Climate change technology transfer to developing countries: evidence analysis and policy recommendations

Pueyo Velasco, Ana (2012). Climate change technology transfer to developing countries: evidence analysis and policy recommendations. Thesis (Doctoral), E.T.S.I. Industriales (UPM).


Title: Climate change technology transfer to developing countries: evidence analysis and policy recommendations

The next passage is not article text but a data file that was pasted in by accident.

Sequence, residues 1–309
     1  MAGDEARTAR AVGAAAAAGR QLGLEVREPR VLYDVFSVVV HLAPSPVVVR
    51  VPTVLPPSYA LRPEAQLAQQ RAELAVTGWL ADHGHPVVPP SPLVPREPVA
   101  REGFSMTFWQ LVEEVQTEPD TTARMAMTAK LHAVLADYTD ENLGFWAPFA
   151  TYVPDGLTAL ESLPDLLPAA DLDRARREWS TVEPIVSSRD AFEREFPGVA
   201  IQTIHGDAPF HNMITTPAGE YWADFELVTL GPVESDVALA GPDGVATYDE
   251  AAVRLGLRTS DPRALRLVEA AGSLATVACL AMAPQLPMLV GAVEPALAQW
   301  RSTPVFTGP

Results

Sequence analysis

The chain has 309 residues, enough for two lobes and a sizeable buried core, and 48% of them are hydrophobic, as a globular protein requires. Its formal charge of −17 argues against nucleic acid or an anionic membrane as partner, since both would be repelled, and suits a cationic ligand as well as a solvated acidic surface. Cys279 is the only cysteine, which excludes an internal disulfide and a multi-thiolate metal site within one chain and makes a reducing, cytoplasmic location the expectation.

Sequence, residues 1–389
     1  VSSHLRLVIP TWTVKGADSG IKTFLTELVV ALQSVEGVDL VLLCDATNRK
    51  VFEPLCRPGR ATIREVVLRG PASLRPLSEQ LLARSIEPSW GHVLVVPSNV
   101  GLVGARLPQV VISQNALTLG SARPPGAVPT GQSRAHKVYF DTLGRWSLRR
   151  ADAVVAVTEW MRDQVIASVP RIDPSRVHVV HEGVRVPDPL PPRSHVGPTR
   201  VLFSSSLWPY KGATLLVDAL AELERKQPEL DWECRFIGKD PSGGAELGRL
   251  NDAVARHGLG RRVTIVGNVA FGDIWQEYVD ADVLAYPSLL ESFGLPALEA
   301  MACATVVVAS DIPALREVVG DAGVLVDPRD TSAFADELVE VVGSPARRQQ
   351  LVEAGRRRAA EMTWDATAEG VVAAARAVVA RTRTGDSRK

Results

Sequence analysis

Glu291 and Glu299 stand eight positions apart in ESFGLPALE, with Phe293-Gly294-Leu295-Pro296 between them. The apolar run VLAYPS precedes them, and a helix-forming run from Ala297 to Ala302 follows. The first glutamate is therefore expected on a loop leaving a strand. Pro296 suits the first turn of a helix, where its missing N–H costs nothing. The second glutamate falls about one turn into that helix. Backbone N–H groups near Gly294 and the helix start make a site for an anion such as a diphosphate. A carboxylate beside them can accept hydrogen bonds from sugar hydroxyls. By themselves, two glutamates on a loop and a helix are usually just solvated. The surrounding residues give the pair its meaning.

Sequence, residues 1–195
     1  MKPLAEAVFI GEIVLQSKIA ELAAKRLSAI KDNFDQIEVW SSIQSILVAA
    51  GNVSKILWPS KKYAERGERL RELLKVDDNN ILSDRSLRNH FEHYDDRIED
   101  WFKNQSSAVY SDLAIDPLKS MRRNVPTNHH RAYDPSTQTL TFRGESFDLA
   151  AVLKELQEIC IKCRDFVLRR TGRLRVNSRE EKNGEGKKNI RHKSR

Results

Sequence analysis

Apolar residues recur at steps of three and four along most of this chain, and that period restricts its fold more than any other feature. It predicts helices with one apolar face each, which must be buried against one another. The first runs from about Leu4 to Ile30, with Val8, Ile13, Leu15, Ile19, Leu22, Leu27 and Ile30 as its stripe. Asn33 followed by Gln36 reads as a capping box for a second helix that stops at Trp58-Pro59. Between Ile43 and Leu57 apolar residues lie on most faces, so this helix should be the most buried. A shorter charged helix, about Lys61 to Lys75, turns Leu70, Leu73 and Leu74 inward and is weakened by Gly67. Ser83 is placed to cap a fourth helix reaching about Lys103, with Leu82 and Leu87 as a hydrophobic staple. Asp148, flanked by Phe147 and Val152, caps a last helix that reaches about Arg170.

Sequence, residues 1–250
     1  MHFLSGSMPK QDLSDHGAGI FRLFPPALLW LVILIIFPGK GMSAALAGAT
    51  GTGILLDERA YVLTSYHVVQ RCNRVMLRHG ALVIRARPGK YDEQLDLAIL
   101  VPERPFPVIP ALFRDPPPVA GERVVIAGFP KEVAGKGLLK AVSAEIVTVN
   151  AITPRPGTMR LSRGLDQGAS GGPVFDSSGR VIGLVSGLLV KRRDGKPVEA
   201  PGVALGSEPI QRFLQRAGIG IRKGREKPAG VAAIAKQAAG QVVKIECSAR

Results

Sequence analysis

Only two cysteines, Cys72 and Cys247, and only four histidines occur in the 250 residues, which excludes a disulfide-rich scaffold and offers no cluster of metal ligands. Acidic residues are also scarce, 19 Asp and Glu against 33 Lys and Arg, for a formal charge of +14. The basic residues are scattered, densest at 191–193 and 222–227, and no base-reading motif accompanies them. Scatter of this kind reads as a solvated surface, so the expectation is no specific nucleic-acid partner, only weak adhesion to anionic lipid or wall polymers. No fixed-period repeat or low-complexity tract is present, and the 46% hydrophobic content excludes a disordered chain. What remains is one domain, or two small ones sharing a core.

• Pueyo Velasco, Ana
Item Type: Thesis (Doctoral)
Read date: 2012
Faculty: E.T.S.I. Industriales (UPM)
Department: Ingeniería Química Industrial y del Medio Ambiente
Creative Commons Licenses: Recognition - No derivative works - Non commercial